Court makes big change to recommended retail price promotions
26 June 1997
Analysis of comments made by Judge Green in sentencing Bond and Bond to a record $63,000 Fair Trading Act fine shows that his decision makes a significant change to when using recommended retail prices is misleading and a breach of the Fair Trading Act.
Judge Green's decision is considerably more restrictive than the interpretation previously used by the Commerce Commission.
Judge Green said in his decision:
"The principal error in recommended retail price comparisons is that it suggests that the recommended retail price is the normal or usual price that the particular establishment sells those goods ...
"... recommended retail price comparisons are misleading in terms of the Act when the particular vendor does not sell at the recommended retail price ..."
The Commission's previous view was that it was acceptable to compare a price to a recommended retail price, if the recommended retail price was charged in that market by either the company or one of its competitors.
Judge Green decided that it is only acceptable to make a comparison to a recommended retail price if that was the company's own previous price. He stated that the recommended retail price comparison is with prices charged by "the particular establishment" and "the particular vendor".
Judge Green's comments do not prevent a promotion comparing a company's prices to "elsewhere" prices. However, if the comparison is to a competitor's prices, then this must be clearly stated, or the promotion risks breaching the Fair Trading Act.
Commission Fair Trading Manager Rachel Leamy said that the Commission is updating all the information it provides about price comparisons to take account of Judge Green's decision.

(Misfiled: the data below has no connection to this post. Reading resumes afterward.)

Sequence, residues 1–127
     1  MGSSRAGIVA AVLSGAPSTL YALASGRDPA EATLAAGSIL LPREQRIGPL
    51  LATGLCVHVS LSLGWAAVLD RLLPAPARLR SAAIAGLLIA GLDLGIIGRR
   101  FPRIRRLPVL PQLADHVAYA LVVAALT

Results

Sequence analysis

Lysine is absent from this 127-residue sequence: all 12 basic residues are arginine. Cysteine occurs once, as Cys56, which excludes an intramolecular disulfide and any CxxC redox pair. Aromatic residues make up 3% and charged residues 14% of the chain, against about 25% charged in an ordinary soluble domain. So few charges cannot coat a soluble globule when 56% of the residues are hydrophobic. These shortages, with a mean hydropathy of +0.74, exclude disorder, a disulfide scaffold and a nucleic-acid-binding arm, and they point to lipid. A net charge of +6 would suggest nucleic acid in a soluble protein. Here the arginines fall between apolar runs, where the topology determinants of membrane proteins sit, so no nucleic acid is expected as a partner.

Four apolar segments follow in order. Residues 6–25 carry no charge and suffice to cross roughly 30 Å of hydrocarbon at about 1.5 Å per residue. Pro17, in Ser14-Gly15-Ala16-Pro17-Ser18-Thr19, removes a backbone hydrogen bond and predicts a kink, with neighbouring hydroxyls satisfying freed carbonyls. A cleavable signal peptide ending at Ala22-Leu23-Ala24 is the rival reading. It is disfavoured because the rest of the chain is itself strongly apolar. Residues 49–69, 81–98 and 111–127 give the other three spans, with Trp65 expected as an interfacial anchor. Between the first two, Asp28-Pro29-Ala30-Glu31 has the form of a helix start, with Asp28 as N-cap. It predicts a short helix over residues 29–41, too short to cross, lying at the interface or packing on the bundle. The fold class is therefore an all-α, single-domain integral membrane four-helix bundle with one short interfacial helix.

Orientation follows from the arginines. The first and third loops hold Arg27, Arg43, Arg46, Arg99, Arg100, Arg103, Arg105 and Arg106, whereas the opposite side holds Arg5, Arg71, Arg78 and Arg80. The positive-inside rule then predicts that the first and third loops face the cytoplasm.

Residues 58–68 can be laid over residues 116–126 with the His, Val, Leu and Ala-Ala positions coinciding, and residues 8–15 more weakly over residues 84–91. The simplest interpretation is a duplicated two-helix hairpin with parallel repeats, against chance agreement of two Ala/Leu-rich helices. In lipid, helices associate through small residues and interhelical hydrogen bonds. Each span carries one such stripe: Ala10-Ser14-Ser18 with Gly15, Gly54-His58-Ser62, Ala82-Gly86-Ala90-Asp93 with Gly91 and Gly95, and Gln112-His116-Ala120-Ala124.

"This is a significant change in how we understand and apply the law," Ms Leamy said. "It is important the business people know that the advice we have given them previously was too liberal. The courts have taken a more restrictive view.
"To avoid the risk of customers, competitors or the Commission taking action against them, businesses should consider Judge Green's decision very carefully."
The Commission has written to the Merchants' Association, Manufacturers' Federation, Appliance Guild, Booksellers' Association, Newspaper Publishers' Association, Television Commercials Approvals Bureau and the Advertising Standards Authority explaining Judge Green's decision and asking them to advise their members of it.
It is also writing to all businesses against whom it has taken enforcement action over the use of recommended retail prices to advise them of the decision.
It has produced an insert for its publications Comparative Pricing and the Fair Trading Act - A Guide for Advertisers and Traders. In the future, these publications will be amended.
The Commission's comparative pricing checklist has been revised. The new version, dated June 20, follows. Copies of the previous version of the checklist should be destroyed.
Comparative Pricing Checklist
Was or $xxx
Have the goods I'm advertising been sold by our store at the previous price for a reasonable period of time immediately before this offer?
(As a guide a reasonable period should be around 30 days but this will depend on the sales volume for the product)
Elsewhere Can I prove that goods the same as those I'm advertising are currently being sold by another trader in our local market for the elsewhere price I'm stating in my advertising?
(As a guide the local market should only include those areas where an average person would normally shop for the item advertised. For example if advertising electric jugs in Auckland you should not state an elsewhere price that is being charged in Whangarei)
Recommended Retail Price
Can I prove that the Recommended Retail Price is the actual Recommended Retail Price suggested by the manufacturer?
If yes then:
Can I prove that the Recommended Retail Price has been charged by my store for a reasonable period of time immediately prior to this offer?
Worth Can I prove that the item is worth the advertised value in the current market?
Save $X Are consumers actually saving the stated amount. Are we or one of our competitors currently charging the higher price?
Sale Price Are the goods advertised genuinely reduced from their normal selling price?
If advertising a storewide sale have we got a substantial proportion of our stock at prices which are lower than before the sale started?
Is the reason for the sale genuine? (eg We need to have had a fire to advertise a 'fire sale')
Media contact: Fair Trading Manger Rachel Leamy
Phone work (04) 498 0908, cellphone 021 662 773, home (04) 386 3110
Communications Officer Vincent Cholewa
Phone work (04) 498 0920, home (04) 479 1432